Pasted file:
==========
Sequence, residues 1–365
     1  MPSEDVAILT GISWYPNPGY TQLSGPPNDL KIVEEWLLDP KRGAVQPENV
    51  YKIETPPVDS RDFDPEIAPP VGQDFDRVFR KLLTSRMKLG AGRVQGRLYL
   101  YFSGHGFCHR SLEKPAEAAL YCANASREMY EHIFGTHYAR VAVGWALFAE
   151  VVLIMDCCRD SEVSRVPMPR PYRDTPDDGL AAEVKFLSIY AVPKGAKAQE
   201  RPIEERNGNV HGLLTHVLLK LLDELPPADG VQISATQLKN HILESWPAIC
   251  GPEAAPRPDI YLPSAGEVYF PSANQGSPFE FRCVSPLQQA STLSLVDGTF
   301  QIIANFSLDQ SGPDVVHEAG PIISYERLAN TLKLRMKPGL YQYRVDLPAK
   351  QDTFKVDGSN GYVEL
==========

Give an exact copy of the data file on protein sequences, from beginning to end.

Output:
Sequence, residues 1–365
     1  MPSEDVAILT GISWYPNPGY TQLSGPPNDL KIVEEWLLDP KRGAVQPENV
    51  YKIETPPVDS RDFDPEIAPP VGQDFDRVFR KLLTSRMKLG AGRVQGRLYL
   101  YFSGHGFCHR SLEKPAEAAL YCANASREMY EHIFGTHYAR VAVGWALFAE
   151  VVLIMDCCRD SEVSRVPMPR PYRDTPDDGL AAEVKFLSIY AVPKGAKAQE
   201  RPIEERNGNV HGLLTHVLLK LLDELPPADG VQISATQLKN HILESWPAIC
   251  GPEAAPRPDI YLPSAGEVYF PSANQGSPFE FRCVSPLQQA STLSLVDGTF
   301  QIIANFSLDQ SGPDVVHEAG PIISYERLAN TLKLRMKPGL YQYRVDLPAK
   351  QDTFKVDGSN GYVEL